November 2013

    Prime Minister’s Visit to Moscow: Need to Revitalise the India-Russia Partnership

    India-Russia ties will continue to be mutually beneficial. While defence cooperation remains the mainstay, the two countries can explore common synergies in co-developing more weapons platforms with cutting edge technology and organise more joint military exercises.

    October 21, 2013

    PM’s Visit to Russia and China: Need for Smart Diplomacy

    Clubbing the visits to Russia and China is a smart move. But the prime minister will also need to indulge in smart diplomacy to deal with a number of ticklish issues and will have to convince his counterparts that Indian foreign policy is independent and follows national interests.

    October 21, 2013

    Ahmed Zahran asked: What is the latest position of the US, the EU, Russia and China on the Iranian nuclear issue, and what are the possible outcomes of the ongoing negotiation?

    S. Samuel C. Rajiv replies: The US, Russia, China, France, the United Kingdom (P5) and Germany (the P5+1) are currently giving push to the 'engagement' track with the latest round of talks which began on October 15, 2013 at Geneva. While existing unilateral and multi-lateral (UNSC and EU) sanctions are in place, no additional sanctions are as yet being contemplated as a part of the 'sanctions' track.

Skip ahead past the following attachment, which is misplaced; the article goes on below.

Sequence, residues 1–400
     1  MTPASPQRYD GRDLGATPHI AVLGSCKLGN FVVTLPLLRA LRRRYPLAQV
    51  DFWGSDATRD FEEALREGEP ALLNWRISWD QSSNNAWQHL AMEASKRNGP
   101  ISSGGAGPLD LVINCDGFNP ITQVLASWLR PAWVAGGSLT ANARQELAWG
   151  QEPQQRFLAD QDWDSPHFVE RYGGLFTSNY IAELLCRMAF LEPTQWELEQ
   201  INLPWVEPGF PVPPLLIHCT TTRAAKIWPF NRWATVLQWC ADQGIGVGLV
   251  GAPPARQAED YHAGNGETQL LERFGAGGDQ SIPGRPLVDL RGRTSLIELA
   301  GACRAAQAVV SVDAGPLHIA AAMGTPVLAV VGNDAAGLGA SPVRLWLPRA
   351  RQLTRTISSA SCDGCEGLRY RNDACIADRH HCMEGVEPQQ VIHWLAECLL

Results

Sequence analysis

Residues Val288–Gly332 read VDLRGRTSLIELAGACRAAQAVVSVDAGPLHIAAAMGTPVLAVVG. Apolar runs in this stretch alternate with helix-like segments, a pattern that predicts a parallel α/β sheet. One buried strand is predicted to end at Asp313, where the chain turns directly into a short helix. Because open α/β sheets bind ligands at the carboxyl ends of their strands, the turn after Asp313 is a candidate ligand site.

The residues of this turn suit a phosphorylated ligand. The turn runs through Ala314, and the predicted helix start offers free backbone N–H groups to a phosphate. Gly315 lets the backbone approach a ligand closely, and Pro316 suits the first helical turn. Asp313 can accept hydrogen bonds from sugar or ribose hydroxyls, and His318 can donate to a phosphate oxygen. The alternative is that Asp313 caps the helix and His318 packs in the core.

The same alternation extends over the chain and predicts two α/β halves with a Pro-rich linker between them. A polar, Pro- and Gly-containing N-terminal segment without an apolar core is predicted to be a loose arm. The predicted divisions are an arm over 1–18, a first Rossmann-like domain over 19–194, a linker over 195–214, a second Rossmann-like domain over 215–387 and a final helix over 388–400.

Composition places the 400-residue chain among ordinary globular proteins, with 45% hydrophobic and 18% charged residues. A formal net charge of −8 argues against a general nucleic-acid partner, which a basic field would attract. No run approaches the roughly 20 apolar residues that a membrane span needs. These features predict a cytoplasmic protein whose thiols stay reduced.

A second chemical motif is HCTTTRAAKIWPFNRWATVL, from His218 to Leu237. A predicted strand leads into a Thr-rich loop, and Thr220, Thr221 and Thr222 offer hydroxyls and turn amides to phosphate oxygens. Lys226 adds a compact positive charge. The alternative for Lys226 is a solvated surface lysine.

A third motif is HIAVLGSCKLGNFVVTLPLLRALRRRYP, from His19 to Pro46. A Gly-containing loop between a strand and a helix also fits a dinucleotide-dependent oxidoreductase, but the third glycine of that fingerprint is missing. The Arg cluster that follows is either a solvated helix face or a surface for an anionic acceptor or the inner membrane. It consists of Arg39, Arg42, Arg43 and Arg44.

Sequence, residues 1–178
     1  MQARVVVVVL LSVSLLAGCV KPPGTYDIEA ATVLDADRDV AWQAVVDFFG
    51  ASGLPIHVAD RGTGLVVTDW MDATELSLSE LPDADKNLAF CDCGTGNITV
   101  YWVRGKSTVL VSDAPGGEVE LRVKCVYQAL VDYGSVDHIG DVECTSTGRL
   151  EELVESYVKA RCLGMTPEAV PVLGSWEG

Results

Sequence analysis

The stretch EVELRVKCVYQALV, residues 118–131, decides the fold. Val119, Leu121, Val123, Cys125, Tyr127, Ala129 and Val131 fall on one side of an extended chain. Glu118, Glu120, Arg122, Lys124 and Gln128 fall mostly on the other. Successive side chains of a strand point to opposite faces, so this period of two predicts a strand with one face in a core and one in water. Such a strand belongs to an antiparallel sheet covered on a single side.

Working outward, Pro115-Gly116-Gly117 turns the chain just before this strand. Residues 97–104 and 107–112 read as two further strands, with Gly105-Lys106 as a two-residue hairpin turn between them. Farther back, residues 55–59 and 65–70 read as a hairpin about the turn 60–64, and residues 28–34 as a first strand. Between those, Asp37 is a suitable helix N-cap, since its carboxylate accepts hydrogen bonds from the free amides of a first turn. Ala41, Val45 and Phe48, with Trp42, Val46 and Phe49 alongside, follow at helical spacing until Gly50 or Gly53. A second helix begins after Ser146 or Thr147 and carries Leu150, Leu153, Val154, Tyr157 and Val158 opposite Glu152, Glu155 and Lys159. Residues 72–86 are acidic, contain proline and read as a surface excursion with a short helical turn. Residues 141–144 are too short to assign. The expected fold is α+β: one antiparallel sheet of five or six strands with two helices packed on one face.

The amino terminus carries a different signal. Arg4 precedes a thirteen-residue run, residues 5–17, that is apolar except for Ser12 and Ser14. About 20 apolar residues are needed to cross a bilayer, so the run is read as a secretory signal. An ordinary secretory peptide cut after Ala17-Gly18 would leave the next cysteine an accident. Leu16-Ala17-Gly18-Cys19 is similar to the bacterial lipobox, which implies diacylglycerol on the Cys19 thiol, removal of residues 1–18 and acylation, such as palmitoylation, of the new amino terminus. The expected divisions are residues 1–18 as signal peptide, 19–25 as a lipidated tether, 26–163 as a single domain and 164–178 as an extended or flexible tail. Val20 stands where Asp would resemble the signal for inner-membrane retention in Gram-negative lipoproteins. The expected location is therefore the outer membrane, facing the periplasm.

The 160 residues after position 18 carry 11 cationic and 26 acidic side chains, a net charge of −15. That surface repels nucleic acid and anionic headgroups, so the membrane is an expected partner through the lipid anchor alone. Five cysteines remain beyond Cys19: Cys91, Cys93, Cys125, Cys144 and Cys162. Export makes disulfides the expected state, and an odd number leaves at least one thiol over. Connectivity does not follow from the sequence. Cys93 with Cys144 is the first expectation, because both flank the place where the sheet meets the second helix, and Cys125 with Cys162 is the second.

The 'dual-track' policy of sanctions and engagement has till date not shown much progress in modulating Iranian behaviour. It is pertinent to note that in the past, as the nature and volume of sanctions increased, Iranian intransigence correspondingly increased. Iran for instance suspended its voluntary implementation of the IAEA Additional Protocol (AP) after its referral to the UNSC in February 2006.

    However, various reports as well as Iranian officials have acknowledged the vulnerable state of the Iranian economy and its currency as a result of trade and oil-related sanctions. President Hassan Rouhani's overwhelming victory defeating candidates like Saeed Jalili (who was the chief nuclear negotiator) has given rise to the strong perception that the Iranian public have rejected the confrontationist approach of the Mahmoud Ahmadinejad Government. Supreme Leader Khamenei has also supported the path of dialogue, crucially in a speech to the IRGC commanders in September 2013. With the Obama Administration showing its commitment to the dialogue process, the hopes for progress at the current round of negotiations are huge.